Personal: http://www.massimovitali.com/ and Representation: http://www.billcharles.com/
Massimo Vitali is a photographer, born in Como, Italy in 1944. Vitali studied photography in London; he first worked as a photojournalist in the 1970s and then worked later as a moviecamera operator. His more recent work is fine art photography.
For many of his works, Vitali stands on a podium four or five meters high, and uses large-format film cameras to capture high-resolution details over a broad expanse in locations such as beaches. Care of Wikipedia.
Personal Website http://jacoblangvad.com/
Jacob Langvad is a Danish photographer and visual ethnographer. His photographic work is based around advertising, portrait and reportage photography as well as visual ethnography. His work can be described as having an unembellished, yet informed documentary style reflecting an intense labor of subtlety and precision.
Personal Website http://woutervandevoorde.com/
I am essentially a landscape painter. When I started making images I was painting outside with my easel in the middle of the night, trying to capture the darkness in oil-painting. I explore(d) my urban environment by foot or by bike, carefully mapping my battleground. From day one it was all about capturing places that had an atmospherical charge to it.
Through a shit-storm of soul-searching and surrealist detours in painting, photography has brought me back to the essence of my love for image making: portraying fragments of (urban) reality, attempting to construct images strong enough to carry the mood I wish to create. I can’t restrict myself to one particular concept, although the vowels and consonants of the landscape’s alphabet dictate my phrases.
Moving from Belgium to Australia has made me into a photographer (painter) in exile. As a permanent tourist, an alien, I capture things on this side of the world. I seek refuge in my images, trying to create a sense of belonging for myself.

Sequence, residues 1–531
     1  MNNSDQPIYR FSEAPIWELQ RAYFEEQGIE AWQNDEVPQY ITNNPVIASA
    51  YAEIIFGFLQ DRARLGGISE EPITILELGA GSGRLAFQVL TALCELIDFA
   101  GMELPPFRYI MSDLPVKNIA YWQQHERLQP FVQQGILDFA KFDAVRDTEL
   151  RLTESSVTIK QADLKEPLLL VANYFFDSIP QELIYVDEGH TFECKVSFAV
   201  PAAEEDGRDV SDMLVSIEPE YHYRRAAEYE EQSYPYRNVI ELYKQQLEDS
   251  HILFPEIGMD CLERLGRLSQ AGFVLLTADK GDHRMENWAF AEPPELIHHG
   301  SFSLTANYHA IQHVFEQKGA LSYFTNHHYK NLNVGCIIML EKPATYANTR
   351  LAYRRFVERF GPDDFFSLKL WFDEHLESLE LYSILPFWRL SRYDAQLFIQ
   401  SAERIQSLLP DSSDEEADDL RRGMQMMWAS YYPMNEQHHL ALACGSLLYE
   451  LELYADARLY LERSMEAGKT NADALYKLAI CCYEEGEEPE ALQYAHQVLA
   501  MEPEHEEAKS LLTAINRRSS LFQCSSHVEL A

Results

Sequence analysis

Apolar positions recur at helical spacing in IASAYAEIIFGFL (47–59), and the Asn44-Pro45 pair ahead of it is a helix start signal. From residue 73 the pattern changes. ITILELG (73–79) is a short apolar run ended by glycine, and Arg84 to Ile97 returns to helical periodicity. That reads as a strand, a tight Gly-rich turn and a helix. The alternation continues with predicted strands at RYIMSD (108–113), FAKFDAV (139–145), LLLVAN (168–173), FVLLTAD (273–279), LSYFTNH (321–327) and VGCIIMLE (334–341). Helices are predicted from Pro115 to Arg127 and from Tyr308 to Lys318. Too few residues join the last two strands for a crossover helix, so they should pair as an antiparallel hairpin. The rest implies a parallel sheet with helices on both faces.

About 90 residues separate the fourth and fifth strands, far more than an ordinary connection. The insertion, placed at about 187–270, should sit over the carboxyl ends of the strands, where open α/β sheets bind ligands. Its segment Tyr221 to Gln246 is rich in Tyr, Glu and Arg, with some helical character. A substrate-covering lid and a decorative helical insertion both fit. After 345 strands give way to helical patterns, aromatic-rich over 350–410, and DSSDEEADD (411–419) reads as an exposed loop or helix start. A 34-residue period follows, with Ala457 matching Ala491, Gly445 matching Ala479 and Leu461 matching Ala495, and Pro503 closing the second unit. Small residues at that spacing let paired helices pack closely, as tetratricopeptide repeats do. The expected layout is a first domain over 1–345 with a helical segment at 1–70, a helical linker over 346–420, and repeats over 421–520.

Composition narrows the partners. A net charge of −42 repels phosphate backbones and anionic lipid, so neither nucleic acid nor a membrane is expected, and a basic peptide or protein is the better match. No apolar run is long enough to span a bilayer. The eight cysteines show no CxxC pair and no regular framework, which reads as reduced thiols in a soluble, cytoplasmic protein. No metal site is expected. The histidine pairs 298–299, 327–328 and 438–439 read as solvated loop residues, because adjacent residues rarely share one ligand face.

I live and work in Canberra, Australian Capital Territory
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Simon Norfolk was born in Lagos, Nigeria, in 1963 and educated in England, finishing at Oxford and Bristol Universities with a degree in philosophy and sociology.
After leaving a documentary photography course in Newport, South Wales, Norfolk worked for far-left publications specializing in work on anti-racist activities and fascist groups, in particular the British National Party. In 1994 he gave up photojournalism in favor of landscape photography.
His book For Most of It I Have No Words: Genocide, Landscape, Memory, about the places that have witnessed genocide, was published in 1998. The work was exhibited at many venues, including the Imperial War Museum in London, the Nederlands Foto Instituut, and the Holocaust Museum in Houston, Texas. Photographs of the war in Afghanistan in 2001, published as Afghanistan: Chronotopia, won the European Publishers' Award for Photography and an award from the Foreign Press Club of America and was nominated for the Citibank Prize.
In 2004, Norfolk won the Infinity Award from the International Center of Photography in New York and in 2005 Le Prix Dialogue in Arles. His most recent book, Bleed, about the aftermath of war in Bosnia, was published in 2005. His work appears regularly in the New York Times Magazine and the Guardian Weekend.
Personal Website: www.simonnorfolk.com
Personal Website http://www.vincentfournier.co.uk/
Read interview on photography journal F stop http://www.thefstopmag.com/?p=616